In a large green field planted with vegetables in this village in eastern Chad, Achta Abdallah Biney was busy pulling up weeds from her plot and harvesting her best turnips for market the next day.
She fled war at home in Sudan and today is one of nearly 500 refugees and locals who farm this land together as part of a project smoothing the integration of long-term refugees into host communities, and giving women more financial independence.
Called Seeds for Solutions, the programme was developed by UNHCR, the UN Refugee Agency, and the Lutheran World Federation (LWF). It helps find the farmland and provides tools, seeds and advice, so that the farmers can grow their own crops to sell at market and to eat at home.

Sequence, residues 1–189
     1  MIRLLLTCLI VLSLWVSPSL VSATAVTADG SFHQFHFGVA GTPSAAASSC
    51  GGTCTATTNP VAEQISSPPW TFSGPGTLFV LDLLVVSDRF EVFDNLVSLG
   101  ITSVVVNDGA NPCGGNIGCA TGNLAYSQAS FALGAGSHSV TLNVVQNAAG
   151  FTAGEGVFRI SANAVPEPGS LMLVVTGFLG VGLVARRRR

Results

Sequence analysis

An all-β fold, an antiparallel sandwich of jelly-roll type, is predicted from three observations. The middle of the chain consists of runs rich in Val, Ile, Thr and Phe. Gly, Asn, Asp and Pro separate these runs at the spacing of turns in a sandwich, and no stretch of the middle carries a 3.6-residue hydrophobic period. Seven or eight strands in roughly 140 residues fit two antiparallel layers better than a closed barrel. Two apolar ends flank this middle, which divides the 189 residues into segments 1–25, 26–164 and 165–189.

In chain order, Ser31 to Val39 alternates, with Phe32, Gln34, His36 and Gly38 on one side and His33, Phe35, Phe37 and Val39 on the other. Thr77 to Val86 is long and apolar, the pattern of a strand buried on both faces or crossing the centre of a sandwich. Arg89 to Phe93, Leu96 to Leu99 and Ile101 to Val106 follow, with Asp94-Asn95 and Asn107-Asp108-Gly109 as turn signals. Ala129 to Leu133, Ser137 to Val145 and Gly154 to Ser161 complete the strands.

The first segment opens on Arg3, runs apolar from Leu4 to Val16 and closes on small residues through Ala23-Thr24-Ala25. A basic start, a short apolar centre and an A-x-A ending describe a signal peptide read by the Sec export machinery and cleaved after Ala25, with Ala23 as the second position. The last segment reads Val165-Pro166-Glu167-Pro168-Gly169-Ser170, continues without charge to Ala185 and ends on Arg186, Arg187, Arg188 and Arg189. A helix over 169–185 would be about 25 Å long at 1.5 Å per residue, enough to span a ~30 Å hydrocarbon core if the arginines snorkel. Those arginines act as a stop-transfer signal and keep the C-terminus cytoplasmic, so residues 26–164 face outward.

Biney, who is 37 and has five children, fled into neighbouring Chad from her village in Sudan’s western Darfur region as fighting closed in during 2003. First, she lived in a refugee camp near the Chadian town of Goz Beida.